Not All Clicks Are Created Equal: Addressing 2 Major Challenges to Your Social Engineering Program
Posted by Mark Chapman—President & CEO of PhishLine • 2/25/2016
Beyond the basics, such as themes, frequency of tests, and other common issues, the two biggest corporate cultural challenges faced when introducing Social Engineering programs into an organization are misguided metrics and too much focus on a small number of solution choke points. Understanding and learning how to work around these challenges will help you create a program that truly benefits your company.
Many information security awareness programs become obsessed with one – and only one – metric, the “click through rate.” This easy-to-understand metric represents the percent of people who clicked a link on a particular campaign email. To be fair, much of the marketing in this industry historically focused on reducing click through rates.
This myopic view ignores the fact that not all clicks are created equal from a risk perspective. If a user clicks on a link, then submits a login and password, and then uploads a budget spreadsheet, is that the same risk than if they just clicked on a link and closed a landing page? Are there other risky actions a user can take other than clicking? Many attackers are using attachments and other techniques to perform social engineering. You can learn a lot by performing a mock phishing campaign that has no links whatsoever. The call to action can be to solicit an email reply or to direct the user to a different vector, such as calling a phone number.
At the end of the day, whether it is “click through rate” or some variation of “engagement rate,” there are other fundamental problems with focusing on a raw metric. Unless you are just repeating slight variations of the same campaigns, the theme, design, timing, and other factors can affect click through rate more than any specific remediation. This can lead to frustration and disillusionment with respect for the overall value of the program. “Our goal was to get click rates down to 10%, but they keep bouncing around every month.”
The second biggest challenge is too much focus on a small number of solution choke points. Early on, programs tend to exclusively focus on the “teachable moment.” While the teachable moment holds high value, it is not the only purpose of a good social engineering awareness program. The most effective program will help you discover and measure risk across your user base, then target the right training and threat mitigation strategies to the individual groups who need them.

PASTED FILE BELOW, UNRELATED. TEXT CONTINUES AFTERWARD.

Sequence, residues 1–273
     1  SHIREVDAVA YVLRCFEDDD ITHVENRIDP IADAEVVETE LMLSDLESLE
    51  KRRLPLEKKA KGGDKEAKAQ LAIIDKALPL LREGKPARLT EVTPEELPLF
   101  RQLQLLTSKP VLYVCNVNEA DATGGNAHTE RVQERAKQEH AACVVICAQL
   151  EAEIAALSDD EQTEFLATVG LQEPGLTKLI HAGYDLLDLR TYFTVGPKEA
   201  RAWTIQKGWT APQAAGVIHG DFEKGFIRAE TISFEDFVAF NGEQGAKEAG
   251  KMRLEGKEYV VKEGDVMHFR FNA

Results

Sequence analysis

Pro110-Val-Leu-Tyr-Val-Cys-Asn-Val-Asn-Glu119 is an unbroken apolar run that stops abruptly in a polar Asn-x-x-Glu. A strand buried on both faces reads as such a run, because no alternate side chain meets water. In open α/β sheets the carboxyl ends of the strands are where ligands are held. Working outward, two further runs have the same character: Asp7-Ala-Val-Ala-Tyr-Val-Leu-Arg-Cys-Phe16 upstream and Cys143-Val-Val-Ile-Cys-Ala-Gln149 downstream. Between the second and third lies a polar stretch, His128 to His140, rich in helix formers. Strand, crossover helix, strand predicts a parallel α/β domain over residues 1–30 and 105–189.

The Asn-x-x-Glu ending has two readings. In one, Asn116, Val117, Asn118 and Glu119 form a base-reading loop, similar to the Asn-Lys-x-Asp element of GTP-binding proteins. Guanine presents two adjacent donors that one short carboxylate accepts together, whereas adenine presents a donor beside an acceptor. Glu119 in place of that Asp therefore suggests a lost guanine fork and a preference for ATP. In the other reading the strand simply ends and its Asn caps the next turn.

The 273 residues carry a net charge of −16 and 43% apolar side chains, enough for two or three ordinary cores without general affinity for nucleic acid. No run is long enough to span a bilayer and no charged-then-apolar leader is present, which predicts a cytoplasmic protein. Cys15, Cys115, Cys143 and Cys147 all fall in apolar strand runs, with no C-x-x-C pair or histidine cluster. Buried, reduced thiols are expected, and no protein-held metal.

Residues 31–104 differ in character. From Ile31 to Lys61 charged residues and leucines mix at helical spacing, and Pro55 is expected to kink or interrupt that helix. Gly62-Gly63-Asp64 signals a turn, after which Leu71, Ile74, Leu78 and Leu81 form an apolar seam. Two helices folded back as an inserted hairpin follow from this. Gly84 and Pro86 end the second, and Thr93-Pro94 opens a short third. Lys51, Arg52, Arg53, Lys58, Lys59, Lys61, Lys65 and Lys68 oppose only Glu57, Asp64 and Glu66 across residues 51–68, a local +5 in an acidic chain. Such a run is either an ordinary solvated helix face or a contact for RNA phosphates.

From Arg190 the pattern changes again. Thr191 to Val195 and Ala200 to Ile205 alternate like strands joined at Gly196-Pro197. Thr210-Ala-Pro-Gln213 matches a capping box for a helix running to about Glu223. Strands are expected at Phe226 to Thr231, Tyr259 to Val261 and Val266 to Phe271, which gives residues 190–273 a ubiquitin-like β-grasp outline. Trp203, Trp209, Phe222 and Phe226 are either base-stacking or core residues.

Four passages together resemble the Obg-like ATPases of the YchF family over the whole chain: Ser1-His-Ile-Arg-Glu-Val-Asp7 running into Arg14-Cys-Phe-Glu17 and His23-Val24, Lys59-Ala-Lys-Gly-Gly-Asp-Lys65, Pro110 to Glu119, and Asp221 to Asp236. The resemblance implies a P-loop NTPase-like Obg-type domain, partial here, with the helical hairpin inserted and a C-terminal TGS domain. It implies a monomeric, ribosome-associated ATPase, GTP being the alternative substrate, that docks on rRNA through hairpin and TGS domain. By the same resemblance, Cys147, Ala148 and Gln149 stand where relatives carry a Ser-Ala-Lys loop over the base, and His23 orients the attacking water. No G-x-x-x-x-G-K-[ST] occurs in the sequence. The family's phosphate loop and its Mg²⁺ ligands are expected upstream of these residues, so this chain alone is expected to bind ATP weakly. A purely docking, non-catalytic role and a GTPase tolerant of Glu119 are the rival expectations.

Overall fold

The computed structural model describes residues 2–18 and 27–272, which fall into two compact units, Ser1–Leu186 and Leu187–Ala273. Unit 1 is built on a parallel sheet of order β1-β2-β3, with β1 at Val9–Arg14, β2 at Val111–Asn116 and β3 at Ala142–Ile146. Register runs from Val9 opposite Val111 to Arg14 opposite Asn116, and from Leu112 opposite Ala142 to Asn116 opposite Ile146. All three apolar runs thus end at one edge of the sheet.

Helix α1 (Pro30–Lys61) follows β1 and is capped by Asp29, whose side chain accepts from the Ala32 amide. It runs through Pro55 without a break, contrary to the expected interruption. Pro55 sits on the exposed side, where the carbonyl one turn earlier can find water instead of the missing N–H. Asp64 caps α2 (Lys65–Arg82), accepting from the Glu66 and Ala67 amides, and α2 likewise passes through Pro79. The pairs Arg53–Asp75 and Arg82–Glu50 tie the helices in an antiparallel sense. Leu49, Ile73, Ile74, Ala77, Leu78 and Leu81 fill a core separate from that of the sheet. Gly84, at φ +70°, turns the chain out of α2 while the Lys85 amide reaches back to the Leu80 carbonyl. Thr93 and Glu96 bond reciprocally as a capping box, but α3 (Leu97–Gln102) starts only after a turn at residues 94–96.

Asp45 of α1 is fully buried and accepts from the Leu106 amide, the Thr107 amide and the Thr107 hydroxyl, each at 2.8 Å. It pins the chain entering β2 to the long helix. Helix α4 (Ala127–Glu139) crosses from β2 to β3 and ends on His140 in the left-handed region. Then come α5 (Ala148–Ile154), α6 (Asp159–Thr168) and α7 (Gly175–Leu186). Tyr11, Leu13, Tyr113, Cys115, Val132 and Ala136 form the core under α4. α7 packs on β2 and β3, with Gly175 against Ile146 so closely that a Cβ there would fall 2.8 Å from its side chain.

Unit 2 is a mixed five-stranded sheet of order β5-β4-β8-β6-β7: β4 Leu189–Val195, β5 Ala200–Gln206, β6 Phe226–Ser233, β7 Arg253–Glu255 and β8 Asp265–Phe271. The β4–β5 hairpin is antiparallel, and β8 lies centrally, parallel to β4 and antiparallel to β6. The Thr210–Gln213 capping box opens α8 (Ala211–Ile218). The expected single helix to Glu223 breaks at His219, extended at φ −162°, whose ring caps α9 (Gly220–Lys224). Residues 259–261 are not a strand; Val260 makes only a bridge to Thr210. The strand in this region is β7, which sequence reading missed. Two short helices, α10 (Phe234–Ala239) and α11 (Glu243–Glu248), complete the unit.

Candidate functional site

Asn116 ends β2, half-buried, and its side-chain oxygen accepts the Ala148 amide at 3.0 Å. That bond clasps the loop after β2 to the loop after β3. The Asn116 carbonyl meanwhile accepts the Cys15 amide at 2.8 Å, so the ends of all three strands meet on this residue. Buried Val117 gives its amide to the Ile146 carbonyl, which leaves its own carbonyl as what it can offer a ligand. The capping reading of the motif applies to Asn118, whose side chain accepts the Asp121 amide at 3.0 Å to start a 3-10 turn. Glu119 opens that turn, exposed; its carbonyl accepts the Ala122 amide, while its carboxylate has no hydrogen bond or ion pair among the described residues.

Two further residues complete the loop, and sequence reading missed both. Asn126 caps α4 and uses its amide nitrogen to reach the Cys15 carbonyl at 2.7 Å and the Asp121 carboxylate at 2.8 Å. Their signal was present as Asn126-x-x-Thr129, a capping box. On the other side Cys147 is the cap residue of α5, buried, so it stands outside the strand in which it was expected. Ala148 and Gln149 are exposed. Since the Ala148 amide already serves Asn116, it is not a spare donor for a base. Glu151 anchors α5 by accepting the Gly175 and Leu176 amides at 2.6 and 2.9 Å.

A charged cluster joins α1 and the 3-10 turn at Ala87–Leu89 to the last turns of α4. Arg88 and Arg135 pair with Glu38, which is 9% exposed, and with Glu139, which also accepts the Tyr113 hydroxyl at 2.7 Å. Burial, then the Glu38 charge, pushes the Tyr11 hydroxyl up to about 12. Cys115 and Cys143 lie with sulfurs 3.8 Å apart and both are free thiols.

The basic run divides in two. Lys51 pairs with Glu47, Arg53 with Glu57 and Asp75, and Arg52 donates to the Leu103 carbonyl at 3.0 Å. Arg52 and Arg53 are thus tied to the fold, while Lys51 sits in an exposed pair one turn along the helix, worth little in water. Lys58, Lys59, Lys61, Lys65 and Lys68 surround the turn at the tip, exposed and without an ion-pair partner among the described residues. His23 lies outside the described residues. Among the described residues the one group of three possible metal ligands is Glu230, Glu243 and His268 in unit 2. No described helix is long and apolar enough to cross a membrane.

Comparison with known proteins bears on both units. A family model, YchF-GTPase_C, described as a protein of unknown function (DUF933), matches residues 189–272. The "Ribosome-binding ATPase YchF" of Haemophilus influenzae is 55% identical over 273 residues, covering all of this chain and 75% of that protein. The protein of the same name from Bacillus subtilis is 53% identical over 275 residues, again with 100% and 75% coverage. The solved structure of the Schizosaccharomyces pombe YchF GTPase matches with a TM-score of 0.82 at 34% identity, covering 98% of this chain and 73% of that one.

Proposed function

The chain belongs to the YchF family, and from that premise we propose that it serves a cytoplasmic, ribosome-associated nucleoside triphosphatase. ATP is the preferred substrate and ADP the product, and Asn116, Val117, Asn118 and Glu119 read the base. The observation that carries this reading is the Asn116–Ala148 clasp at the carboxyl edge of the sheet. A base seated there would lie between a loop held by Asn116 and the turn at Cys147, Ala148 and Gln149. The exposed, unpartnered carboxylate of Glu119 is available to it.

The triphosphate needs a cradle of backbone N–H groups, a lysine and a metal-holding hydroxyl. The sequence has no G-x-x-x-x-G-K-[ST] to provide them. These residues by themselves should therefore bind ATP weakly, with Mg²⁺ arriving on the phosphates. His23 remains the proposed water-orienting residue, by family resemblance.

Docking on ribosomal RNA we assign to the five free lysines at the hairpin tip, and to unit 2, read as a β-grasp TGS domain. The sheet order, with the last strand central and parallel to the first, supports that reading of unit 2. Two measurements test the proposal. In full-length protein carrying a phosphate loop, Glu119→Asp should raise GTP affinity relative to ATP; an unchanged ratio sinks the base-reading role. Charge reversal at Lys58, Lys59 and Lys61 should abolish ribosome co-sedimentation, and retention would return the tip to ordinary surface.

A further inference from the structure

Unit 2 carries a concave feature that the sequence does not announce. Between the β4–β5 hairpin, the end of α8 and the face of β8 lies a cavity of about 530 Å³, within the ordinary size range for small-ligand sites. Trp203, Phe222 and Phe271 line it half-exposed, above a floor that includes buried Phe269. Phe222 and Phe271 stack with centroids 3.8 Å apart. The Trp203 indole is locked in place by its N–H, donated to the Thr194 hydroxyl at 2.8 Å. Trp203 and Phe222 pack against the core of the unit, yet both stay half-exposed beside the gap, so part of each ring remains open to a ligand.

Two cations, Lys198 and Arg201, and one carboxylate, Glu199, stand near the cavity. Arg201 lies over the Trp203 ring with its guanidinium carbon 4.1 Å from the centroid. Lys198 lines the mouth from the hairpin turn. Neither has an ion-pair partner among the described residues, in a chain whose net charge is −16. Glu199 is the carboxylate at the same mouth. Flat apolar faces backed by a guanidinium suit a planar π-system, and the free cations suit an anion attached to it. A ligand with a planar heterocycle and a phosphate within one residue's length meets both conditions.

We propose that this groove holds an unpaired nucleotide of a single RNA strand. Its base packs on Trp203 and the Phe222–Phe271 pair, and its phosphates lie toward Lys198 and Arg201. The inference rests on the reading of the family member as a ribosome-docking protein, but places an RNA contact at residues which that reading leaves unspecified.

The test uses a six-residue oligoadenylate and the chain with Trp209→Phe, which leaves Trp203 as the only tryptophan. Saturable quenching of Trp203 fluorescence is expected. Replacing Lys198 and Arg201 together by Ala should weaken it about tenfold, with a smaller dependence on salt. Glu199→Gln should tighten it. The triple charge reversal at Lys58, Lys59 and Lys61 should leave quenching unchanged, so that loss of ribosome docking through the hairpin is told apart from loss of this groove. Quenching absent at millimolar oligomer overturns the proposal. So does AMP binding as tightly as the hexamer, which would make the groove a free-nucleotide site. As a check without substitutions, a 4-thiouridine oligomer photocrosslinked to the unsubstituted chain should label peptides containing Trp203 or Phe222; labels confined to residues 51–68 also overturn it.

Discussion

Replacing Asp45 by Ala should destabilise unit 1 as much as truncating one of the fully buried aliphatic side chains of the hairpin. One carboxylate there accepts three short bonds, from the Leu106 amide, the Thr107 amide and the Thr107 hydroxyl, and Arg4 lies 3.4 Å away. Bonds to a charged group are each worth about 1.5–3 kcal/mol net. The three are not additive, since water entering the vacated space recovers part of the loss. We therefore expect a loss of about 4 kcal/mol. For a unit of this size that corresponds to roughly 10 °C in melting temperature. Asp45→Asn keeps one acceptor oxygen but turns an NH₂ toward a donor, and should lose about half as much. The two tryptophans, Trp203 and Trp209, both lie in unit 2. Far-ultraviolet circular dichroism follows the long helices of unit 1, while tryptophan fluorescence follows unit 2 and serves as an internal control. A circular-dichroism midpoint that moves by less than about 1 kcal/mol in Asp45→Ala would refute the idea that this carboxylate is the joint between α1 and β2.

The bottom line is to ask yourself:
- How does this program affect our real-world security posture?
- Are my users just being conditioned to recognize mock phishing exercises?
- Is the program accidentally designed to artificially limit the types of mock phishing exercises to ensure improvements to the metrics?
One of our customers made the analogy that measuring the success of a security awareness program by only looking at raw click through rates is just like measuring the success of a patch management program by looking at the number of new vulnerabilities found each month.
Metrics must be contextual, relevant, and actionable. For a vulnerability management solution, the raw number of patches is much less interesting than the average-time-to-patch.
For a phishing program, putting raw click through rates in the context of hypothesis based testing and risk-based observations will allow much better, more actionable metrics. “We learned this, we validated that, we discovered this, and we adjusted that.”
And remember, at the basic level, everyone initially struggles with selecting appropriate themes for the mock social engineering exercises. The frequency of tests, the sophistication of tests, the pre-announcement of tests, the number of people to test, what level of results to share, and other common issues need to be addressed. If you are struggling with these issues, the PhishLine Information Security Awareness Operational Planning™ (ISA-OP) methodology and our experienced consultants can quickly work through these typical issues while defining campaign planning that identifies clear objectives, stakeholders, constraints, and recommended campaign content.